by Staff Writers
Houston TX (SPX) Oct 07, 2011
Rice University physicists have created a tiny "electron superhighway" that could one day be useful for building a quantum computer, a new type of computer that will use quantum particles in place of the digital transistors found in today's microchips.
In a recent paper in Physical Review Letters, Rice physicists Rui-Rui Du and Ivan Knez describe a new method for making a tiny device called a "quantum spin Hall topological insulator." The device, which acts as an electron superhighway, is one of the building blocks needed to create quantum particles that store and manipulate data.
Today's computers use binary bits of data that are either ones or zeros. Quantum computers would use quantum bits, or "qubits," which can be both ones and zeros at the same time, thanks to the quirks of quantum mechanics.
This quirk gives quantum computers a huge edge in performing particular types of calculations, said Du, professor of physics and astronomy at Rice. For example, intense computing tasks like code-breaking, climate modeling and biomedical simulation could be completed thousands of times faster with quantum computers.
"In principle, we don't need many qubits to create a powerful computer," he said. "In terms of information density, a silicon microprocessor with 1 billion transistors would be roughly equal to a quantum processor with 30 qubits."
In the race to build quantum computers, researchers are taking a number of approaches to creating qubits. Regardless of the approach, a common problem is making certain that information encoded into qubits isn't lost over time due to quantum fluctuations. This is known as "fault tolerance."
The approach Du and Knez are following is called "topological quantum computing." Topological designs are expected to be more fault-tolerant than other types of quantum computers because each qubit in a topological quantum computer will be made from a pair of quantum particles that have a virtually immutable shared identity. The catch to the topological approach is that physicists have yet to create or observe one of these stable pairs of particles, which are called "Majorana fermions" (pronounced MAH-yor-ah-na FUR-mee-ons).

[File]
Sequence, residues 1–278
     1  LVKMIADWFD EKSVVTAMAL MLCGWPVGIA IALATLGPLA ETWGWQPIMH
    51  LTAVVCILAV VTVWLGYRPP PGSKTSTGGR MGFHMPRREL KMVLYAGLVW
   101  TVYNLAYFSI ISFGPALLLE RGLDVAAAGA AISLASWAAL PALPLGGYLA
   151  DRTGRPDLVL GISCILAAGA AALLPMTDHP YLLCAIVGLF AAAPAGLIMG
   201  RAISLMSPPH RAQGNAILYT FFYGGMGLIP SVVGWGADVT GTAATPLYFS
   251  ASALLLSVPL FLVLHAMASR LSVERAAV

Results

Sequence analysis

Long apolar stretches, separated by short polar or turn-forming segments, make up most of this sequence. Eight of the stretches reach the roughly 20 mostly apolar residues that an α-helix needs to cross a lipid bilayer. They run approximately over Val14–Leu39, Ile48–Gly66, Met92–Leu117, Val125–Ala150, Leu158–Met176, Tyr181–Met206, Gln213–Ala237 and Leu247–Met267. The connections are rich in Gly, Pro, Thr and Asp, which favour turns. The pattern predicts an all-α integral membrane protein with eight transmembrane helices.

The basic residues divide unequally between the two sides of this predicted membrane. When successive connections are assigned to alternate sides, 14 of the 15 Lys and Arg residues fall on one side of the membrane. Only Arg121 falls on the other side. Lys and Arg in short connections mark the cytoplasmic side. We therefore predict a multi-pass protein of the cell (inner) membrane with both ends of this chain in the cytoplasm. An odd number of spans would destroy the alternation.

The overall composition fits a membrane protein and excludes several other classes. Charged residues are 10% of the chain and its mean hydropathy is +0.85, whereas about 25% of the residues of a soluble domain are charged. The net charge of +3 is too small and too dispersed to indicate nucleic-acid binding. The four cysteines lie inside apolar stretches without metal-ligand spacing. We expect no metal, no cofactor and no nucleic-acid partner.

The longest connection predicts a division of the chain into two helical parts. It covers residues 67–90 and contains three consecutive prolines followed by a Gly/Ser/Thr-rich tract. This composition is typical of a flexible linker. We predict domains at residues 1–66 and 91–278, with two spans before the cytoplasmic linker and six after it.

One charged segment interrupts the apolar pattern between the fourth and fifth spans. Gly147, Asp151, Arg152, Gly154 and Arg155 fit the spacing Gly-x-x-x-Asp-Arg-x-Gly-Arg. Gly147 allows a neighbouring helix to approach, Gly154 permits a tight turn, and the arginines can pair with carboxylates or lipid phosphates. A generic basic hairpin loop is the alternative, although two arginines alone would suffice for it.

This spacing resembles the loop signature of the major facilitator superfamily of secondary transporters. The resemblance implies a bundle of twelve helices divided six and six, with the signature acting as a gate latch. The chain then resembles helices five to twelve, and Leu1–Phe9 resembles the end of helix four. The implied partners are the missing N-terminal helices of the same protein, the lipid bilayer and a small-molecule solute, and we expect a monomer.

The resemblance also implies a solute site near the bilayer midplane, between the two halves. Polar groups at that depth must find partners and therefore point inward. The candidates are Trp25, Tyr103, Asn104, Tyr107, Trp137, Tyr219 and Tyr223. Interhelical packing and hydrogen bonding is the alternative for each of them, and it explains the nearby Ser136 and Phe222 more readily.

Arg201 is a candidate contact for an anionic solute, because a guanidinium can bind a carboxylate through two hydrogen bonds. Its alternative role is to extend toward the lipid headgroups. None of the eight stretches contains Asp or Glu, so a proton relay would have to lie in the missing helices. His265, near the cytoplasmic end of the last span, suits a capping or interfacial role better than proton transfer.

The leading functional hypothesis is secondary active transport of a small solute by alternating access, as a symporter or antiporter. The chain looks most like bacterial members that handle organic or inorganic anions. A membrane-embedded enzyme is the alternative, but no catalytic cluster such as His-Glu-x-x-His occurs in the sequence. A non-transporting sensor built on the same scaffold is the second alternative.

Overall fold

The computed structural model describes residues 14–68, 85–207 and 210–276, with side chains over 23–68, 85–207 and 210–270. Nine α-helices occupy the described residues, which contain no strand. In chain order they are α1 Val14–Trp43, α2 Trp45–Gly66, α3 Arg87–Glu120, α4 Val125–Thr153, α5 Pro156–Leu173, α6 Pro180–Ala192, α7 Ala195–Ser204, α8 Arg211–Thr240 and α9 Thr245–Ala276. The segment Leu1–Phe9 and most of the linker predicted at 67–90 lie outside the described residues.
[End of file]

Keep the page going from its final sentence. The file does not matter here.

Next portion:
The elusive Majorana fermions were first proposed in 1937, although the race to create them in a chip has just begun. In particular, physicists believe the particles can be made by marrying a two-dimensional topological insulator - like the one created by Du and Knez - to a superconductor.
Topological insulators are oddities; although electricity cannot flow through them, it can flow around their narrow outer edges. If a small square of a topological insulator is attached to a superconductor, Knez said, the elusive Majorana fermions are expected to appear precisely where the materials meet. If this proves true, the devices could potentially be used to generate qubits for quantum computing, he said.
Knez spent more than a year refining the techniques to create Rice's topological insulator. The device is made from a commercial-grade semiconductor that's commonly used in making night-vision goggles. Du said it is the first 2-D topological insulator made from a material that physicists already know how to attach to a superconductor.
"We are well-positioned for the next step," Du said. "Meanwhile, only experiments can tell whether we can find Majorana fermions and whether they are good candidates for creating stable qubits."
A copy of the PRL paper is available here
Computer Chip Architecture, Technology and Manufacture
Nano Technology News From SpaceMart.com
Comment on this article via your Facebook, Yahoo, AOL, Hotmail login.
New FeTRAM is promising computer memory technology
West Lafayette, IN (SPX) Sep 30, 2011
Researchers are developing a new type of computer memory that could be faster than the existing commercial memory and use far less power than flash memory devices. The technology combines silicon nanowires with a "ferroelectric" polymer, a material that switches polarity when electric fields are applied, making possible a new type of ferroelectric transistor. "It's in a very nascent ... read more
|The content herein, unless otherwise known to be public domain, are Copyright 1995-2011 - Space Media Network. AFP and UPI Wire Stories are copyright Agence France-Presse and United Press International. ESA Portal Reports are copyright European Space Agency. All NASA sourced material is public domain. Additional copyrights may apply in whole or part to other bona fide parties. Advertising does not imply endorsement,agreement or approval of any opinions, statements or information provided by Space Media Network on any Web page published or hosted by Space Media Network. Privacy Statement|